Turpin Family History

The Turpins were of Huguenot extraction. Solomon Turpin had a grant of land in Dorchester County, Maryland in 1757. This deed to Solomon was given by Lord Calvert, brother of Lord Baltimore. Solomon's will was probated in Sussex County, Delaware on February 19, 1776 and showed him to have left four daughters and a son.

The daughters were Sarah Turpin Maston, Mary Turpin Clarkson, Rebekah Turpin, and Elizabeth Turpin. The latter two never married. The son, Joseph Turpin, married Rachel Baynard, daughter of Thomas and Elizabeth Baynard on June 18, 1772. Rachel died suddenly of an epileptic fit on March 10, 1785 and Joseph died just a few months later on September 19, 1785. At the time of the last family writing in 1927, Solomon's deed was in the possession of Jack Turpin of Centerville, Maryland who lived at Locust Hill, the home of the Turpins for four generations, being built by Jack's great grandfather, Thomas Baynard Turpin about 1812, or earlier. Before that date, they had lived in the country on a farm called Timber Neck, having moved there from Seaford, Delaware.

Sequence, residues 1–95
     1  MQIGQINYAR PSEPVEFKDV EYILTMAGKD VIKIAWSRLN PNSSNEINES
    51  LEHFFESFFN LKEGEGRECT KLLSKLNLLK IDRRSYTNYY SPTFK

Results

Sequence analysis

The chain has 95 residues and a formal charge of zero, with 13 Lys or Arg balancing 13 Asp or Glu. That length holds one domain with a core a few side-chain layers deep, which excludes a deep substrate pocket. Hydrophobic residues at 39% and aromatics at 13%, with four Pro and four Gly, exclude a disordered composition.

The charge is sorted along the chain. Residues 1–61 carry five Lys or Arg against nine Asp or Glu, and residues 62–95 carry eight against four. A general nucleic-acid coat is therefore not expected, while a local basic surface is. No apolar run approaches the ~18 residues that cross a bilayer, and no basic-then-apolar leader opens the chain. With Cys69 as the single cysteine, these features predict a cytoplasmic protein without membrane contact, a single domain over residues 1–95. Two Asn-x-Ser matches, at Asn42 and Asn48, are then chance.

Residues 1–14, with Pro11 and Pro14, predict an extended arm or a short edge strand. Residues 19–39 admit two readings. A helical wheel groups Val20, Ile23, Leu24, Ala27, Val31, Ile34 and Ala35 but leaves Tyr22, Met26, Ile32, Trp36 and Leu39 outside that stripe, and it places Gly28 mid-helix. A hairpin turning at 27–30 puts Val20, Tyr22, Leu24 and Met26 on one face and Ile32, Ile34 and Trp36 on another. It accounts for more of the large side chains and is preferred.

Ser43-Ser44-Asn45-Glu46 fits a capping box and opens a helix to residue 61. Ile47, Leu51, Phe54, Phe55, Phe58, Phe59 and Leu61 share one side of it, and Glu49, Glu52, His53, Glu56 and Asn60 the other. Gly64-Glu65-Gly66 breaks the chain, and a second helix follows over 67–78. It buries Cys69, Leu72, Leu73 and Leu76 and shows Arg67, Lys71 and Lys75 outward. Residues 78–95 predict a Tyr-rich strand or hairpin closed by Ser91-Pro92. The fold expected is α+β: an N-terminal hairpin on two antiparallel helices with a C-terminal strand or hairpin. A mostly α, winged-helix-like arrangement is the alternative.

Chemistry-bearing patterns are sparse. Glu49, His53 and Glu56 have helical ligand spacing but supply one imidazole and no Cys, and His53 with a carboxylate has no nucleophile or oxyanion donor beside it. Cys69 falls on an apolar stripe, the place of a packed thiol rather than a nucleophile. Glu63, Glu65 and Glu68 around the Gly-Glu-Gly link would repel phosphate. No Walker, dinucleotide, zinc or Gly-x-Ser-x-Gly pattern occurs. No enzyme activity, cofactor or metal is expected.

The Turpins of Virginia came from France in the early 1700's about the same time that this line of Turpins came to Delaware. There are supposedly records that the two lines were of the same lineage, but the connection at this point has never been definitively traced.

Joseph Turpin and his wife Rachel Baynard Turpin had several children: Solomon was born in 1773; Thomas Baynard was born in 1775; White was born June 2, 1777; and Margaret was born in 1780. Not much is known about Solomon, other than the fact that he had a son named Baynard who went to live in Bastrop, La. after 1832. Thomas Baynard was the head of the part of the family known as the Maryland Branch.

White was the head of the Mississippi Branch and Margaret was the head of the New Jersey Branch.